– I’ve said it once and I’ll say it again: Randy Moss is now the posterchild for what not to do when you’re seeking a new contract in the NFL. Early last season, Moss whined about how the Patriots hadn’t discussed giving him a new contract. When New England told him to be patient, he pouted even more and became a distraction. Worst of all, he stopped playing hard, which is always a fast ticket out of New England with Bill Belichick running things. So he winds up in Minnesota, where he’s a distraction there, too. Finally he lands in Tennessee, where the coaching staff apparently realized that he was done as an NFL-caliber receiver. And now? Instead of continuing his career as a role player, he has decided to retire. Moss has been one hell of a player. He ranks eighth in career receptions, fifth in receiving yards and second only to Jerry Rice in touchdowns. But there will be a debate about whether or not he’s voted into the Hall of Fame after he quit on the Raiders and got himself traded out of New England and Minnesota. It’s amazing what kind of numbers Moss could have put up if had possessed Rice’s attitude.

– SF Giants GM Brian Sabean has some explaining to do after the Phillies and Braves landed younger outfielders under team control (Hunter Pence and Michael Bourn, respectively) without giving up their top prospects, while he traded for a 34-year-old free agent-to-be and had to give up his best farm arm. Oh, and Orlando Cabrera for Thomas Neal? Does Sabean have to overpay for every veteran talent that he wants? It’s like if he walks into an electronic store, sees a TV he likes and then asks the salesman if he could purchase said TV for triple the cost. Meanwhile, competing general managers walk into the same store and purchase newer models with comparable features for three-fourths of the price. I just don’t get Sabean’s philosophy when it comes to trades but then again, he has a World Series ring and I don’t so maybe I should shut my mouth. (Of course, when he overpays to keep Beltran this winter, I’ll be sure to open it again.)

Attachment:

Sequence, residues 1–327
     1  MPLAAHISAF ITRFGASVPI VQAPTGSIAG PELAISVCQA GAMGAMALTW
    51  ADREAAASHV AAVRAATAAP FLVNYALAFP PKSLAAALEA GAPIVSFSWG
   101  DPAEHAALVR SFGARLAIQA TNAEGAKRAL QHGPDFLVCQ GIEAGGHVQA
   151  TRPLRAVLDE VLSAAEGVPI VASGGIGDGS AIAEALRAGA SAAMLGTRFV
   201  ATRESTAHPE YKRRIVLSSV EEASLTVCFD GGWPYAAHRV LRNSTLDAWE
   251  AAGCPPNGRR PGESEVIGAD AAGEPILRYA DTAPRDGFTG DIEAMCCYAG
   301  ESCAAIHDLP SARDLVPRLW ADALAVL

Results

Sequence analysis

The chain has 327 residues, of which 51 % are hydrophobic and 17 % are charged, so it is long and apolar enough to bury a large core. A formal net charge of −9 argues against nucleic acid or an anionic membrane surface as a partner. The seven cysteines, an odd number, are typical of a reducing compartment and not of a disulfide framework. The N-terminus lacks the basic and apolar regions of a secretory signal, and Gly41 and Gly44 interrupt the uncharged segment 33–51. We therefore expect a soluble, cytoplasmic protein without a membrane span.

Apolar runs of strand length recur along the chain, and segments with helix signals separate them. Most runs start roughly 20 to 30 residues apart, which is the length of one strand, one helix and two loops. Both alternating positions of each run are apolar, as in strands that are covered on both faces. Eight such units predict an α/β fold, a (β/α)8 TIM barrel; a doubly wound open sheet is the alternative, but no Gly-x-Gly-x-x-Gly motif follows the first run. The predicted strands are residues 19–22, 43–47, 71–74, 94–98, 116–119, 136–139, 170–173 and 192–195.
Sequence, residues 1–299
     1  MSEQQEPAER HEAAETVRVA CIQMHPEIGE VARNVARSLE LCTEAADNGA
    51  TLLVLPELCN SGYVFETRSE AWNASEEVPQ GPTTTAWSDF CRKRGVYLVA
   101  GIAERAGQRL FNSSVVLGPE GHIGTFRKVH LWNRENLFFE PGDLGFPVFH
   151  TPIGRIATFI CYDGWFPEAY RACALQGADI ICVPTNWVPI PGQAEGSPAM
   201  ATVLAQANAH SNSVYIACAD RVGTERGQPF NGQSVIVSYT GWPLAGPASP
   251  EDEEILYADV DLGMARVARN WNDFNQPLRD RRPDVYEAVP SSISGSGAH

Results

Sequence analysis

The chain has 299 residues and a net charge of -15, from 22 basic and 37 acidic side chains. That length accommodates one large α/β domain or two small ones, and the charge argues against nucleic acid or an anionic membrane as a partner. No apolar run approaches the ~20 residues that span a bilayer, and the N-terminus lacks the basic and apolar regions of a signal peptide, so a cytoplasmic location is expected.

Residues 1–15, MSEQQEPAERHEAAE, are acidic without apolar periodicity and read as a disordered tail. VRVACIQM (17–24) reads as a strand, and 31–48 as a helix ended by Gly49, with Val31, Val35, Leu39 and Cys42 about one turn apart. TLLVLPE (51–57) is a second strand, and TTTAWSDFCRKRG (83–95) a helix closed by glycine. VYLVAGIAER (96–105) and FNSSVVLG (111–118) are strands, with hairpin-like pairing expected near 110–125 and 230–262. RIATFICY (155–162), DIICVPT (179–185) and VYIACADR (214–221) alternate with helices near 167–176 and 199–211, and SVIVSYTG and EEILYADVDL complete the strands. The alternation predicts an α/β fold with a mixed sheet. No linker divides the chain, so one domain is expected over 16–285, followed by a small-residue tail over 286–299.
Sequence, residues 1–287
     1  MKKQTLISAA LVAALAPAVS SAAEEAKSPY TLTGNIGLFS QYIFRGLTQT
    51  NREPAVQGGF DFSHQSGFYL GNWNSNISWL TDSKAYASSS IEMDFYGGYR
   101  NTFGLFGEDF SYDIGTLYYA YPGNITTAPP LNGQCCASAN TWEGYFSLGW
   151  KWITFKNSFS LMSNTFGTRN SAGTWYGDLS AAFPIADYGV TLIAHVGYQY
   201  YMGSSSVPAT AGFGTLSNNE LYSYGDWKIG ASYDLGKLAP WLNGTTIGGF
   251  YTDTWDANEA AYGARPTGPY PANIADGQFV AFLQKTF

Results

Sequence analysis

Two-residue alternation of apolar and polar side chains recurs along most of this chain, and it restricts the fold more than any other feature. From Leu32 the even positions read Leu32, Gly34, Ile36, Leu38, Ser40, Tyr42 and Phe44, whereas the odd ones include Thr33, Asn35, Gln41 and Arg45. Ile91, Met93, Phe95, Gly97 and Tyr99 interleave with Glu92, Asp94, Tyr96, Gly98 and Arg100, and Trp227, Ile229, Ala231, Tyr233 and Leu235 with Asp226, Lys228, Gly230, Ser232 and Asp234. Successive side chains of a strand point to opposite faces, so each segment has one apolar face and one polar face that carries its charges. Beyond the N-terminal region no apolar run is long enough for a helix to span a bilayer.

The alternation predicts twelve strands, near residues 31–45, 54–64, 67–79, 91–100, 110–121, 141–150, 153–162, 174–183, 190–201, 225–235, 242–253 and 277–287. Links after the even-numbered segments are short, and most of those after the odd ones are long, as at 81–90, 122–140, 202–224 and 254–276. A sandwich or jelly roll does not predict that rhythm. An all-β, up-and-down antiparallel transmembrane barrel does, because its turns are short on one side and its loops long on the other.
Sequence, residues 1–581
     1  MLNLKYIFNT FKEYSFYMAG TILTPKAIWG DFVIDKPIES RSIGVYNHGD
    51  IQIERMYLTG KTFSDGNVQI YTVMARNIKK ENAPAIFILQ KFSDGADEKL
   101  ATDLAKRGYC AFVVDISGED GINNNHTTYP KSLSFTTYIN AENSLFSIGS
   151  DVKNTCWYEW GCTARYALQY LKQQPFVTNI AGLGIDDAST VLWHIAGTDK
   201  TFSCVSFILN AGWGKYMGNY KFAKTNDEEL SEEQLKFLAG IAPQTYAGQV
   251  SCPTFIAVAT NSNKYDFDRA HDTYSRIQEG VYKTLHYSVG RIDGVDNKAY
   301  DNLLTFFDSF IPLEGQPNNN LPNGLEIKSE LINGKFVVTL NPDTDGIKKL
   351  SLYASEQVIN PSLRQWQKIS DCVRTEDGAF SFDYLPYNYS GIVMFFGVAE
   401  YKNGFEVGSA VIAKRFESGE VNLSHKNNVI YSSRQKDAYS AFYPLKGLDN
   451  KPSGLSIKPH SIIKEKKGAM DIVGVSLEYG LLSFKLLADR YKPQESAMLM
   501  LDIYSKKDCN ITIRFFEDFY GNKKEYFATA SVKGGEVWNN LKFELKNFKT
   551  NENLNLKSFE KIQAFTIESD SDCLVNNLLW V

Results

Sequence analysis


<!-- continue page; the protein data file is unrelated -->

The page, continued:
– It took a while, but teams are finally starting to stay away with Braylon Edwards. At 6’3” and 214 pounds, he certainly looks the part of a No. 1 receiver. But his inconsistent hands coupled with the fact that football isn’t real high on his priorities list makes teams stay away. He’s on the verge of signing a one-year deal with the Cardinals because the receiver market is essentially dried up. Considering he’s only 28 and once caught 80 passes for 1,289 yards and scored 16 touchdowns in one season, he shouldn’t be accepting one-year deals. But teams aren’t stupid and know he’s a huge risk.

Red Sox in last place, Indians in first – welcome to bizarro world